The BU Pub is located in the lower level, for the 21+ crowd. With a long list of signature sandwiches and an old-world Boston pub style, it’s definitely a must see. It’s the only university-operated establishment on campus that serves alcoholic beverages.
Pub-goers can also participate in a Knight’s Quest where participants must drink 50 types of beer. Upon completion, participants get a special mug to use while in the pub and also become knighted in a ceremony.
So seniors, if you haven’t been knighted at the pub or seen the beautiful views of the river, definitely add a visit to the castle on your to do list before graduation. It’s another place that makes BU so special and you don’t want to miss it!
By Sanah Faroke, Staff Writer
April Fools’ is the day where we all have to be on a constant look-out for the liars, the cheats and the tricksters (and apparently I speak like a 90-year-old woman). Sometimes I forget that naivety can be a little like being foolish. In a previous post, I mentioned that I’m the worst at lying. Well, I’m also really bad at picking up when people lie to me.
Pranks? I get scared every time. That joke about gullible not being in the dictionary? Yeah, I fell for that one too. Here’s the thing to mull over on April Fools’ — are we easily tricked by people, or do we have a knack for tricking ourselves?
It’s possible that we could be eating too many chicken sandwiches at Chick-Fil-A or slurping too many strawberry milkshakes from Johnny Rockets, but according to a study at Oxford University, eating lots of high-fattening food can hurt our cognitive skills. I guess we’re not all that bright, are we?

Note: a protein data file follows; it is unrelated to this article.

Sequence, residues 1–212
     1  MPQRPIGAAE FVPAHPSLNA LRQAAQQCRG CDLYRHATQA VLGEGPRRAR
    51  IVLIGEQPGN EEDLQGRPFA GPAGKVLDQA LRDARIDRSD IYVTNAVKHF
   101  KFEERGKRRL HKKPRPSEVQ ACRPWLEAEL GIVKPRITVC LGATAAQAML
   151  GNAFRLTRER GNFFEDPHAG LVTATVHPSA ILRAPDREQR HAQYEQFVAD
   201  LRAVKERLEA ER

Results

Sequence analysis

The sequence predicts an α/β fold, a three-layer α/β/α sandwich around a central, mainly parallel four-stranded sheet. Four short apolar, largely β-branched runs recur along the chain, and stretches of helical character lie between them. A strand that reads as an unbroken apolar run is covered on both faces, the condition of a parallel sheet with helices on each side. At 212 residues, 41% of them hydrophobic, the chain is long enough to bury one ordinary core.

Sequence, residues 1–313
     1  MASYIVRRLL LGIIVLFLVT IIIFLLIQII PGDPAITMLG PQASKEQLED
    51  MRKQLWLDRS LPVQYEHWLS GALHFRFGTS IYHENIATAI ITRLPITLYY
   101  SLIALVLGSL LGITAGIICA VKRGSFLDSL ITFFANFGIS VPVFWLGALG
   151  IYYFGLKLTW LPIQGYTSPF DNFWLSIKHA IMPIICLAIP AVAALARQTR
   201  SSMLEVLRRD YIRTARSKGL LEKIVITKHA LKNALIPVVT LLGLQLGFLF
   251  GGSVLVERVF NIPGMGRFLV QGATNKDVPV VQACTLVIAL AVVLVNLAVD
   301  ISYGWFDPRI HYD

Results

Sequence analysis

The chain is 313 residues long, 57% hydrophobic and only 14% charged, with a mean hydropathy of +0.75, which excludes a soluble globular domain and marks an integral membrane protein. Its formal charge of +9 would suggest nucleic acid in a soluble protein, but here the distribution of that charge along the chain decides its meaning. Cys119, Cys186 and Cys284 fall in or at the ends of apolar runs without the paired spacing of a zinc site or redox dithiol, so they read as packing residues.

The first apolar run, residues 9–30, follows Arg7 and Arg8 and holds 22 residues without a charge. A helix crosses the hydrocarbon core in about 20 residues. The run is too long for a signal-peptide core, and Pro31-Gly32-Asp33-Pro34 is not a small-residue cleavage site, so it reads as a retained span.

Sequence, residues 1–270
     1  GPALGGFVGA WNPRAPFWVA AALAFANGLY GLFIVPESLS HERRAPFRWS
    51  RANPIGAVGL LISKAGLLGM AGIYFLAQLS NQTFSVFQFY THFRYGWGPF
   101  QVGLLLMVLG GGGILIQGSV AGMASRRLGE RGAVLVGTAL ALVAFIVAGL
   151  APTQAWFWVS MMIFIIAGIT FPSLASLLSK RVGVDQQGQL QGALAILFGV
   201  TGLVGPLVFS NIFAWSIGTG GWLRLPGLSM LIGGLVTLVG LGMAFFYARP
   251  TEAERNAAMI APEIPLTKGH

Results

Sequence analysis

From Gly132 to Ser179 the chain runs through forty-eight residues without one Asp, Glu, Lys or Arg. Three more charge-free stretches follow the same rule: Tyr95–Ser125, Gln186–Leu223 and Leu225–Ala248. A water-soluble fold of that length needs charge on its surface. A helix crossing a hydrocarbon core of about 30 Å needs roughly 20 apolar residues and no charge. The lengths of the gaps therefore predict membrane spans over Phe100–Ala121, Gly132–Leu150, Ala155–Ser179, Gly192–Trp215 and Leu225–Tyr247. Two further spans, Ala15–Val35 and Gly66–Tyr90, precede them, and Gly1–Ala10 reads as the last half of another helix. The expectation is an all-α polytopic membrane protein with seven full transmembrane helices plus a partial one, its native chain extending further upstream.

The researchers studied rats, feeding them at first a low-fat diet and tested their ability to make it through a maze. After fattening them up for about nine days on a high-fat diet, researchers found that the rats were making more mistakes than usual. So, I guess spring isn’t the only reason to be hitting the gym and eating right. A healthy diet makes for a healthy brain.
So what about when we’re voluntarily being, well, dumb?
We’re at such a young age, and even though no one is tricking us into sticking a tongue to a frozen flagpole, it doesn’t mean we don’t do reckless things. According to a study published in the Journal of Neuroscience, teens and young adults can’t help but overestimate the good that can come, with little regard for the negative risk. Mulling over spring break, eh? Yeah, aren’t we all.
And while we can’t help being reckless, more often than not, we tend to fool ourselves. In a study conducted by Louisa Egan, Laurie Santos and Paul Bloom at Yale University, they compared similar behaviors in self-deception in capuchin monkeys with that of 4-year-old children.
They found that when the monkeys were presented with colored M&Ms they chose one color over another, even though all M&Ms taste like a wonderful piece of chocolate heaven. The same scenario happened with children when stickers were used. So it didn’t really matter which choice they made, it was just about coming up with a solution for which one they picked and justifying it, and in a sense, fooling themselves. Come on, we’ve all done it with shoes, handbags, (ehem) boyfriends, so why not M&Ms?
So what has April Fools’ taught us? Perhaps it’s that we fool ourselves more on the daily than when other people try to trick us on this silly holiday. What more could we want than self-assurance from our own self-deception? It’s kind of like saying you’ll eat a salad for lunch, but really, in an hour, you know you’ll be trudging to the kitchen for some left over Pad Thai. So who’s the fool now? Eh, it’s still kind of us.